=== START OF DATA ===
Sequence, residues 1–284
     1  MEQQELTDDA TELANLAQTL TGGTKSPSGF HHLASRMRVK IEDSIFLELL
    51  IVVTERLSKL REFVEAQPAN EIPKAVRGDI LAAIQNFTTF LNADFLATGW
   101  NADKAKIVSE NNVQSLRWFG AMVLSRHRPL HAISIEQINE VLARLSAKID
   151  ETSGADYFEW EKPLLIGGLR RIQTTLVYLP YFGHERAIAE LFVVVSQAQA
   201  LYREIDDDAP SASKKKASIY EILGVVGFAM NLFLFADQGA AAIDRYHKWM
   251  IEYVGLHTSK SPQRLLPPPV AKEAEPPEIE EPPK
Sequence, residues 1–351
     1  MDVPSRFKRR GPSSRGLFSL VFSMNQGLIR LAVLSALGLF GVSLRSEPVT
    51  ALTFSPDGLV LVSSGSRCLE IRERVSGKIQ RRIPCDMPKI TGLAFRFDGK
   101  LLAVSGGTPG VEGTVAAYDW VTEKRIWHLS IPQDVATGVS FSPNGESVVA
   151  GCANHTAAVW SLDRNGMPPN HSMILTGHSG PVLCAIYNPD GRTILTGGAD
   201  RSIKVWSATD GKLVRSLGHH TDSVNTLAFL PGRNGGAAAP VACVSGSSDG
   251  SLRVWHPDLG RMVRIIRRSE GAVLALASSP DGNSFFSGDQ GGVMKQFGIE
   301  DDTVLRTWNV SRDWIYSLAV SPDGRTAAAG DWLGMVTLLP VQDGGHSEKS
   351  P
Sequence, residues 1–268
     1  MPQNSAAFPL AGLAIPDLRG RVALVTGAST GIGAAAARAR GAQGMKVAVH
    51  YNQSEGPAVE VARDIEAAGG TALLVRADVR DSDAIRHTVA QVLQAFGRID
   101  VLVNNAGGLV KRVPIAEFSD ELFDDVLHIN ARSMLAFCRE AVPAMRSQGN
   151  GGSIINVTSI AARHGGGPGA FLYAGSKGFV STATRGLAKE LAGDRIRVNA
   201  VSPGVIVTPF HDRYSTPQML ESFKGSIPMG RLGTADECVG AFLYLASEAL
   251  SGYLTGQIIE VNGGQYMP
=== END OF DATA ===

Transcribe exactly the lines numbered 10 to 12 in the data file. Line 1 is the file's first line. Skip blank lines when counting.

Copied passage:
    51  ALTFSPDGLV LVSSGSRCLE IRERVSGKIQ RRIPCDMPKI TGLAFRFDGK
   101  LLAVSGGTPG VEGTVAAYDW VTEKRIWHLS IPQDVATGVS FSPNGESVVA
   151  GCANHTAAVW SLDRNGMPPN HSMILTGHSG PVLCAIYNPD GRTILTGGAD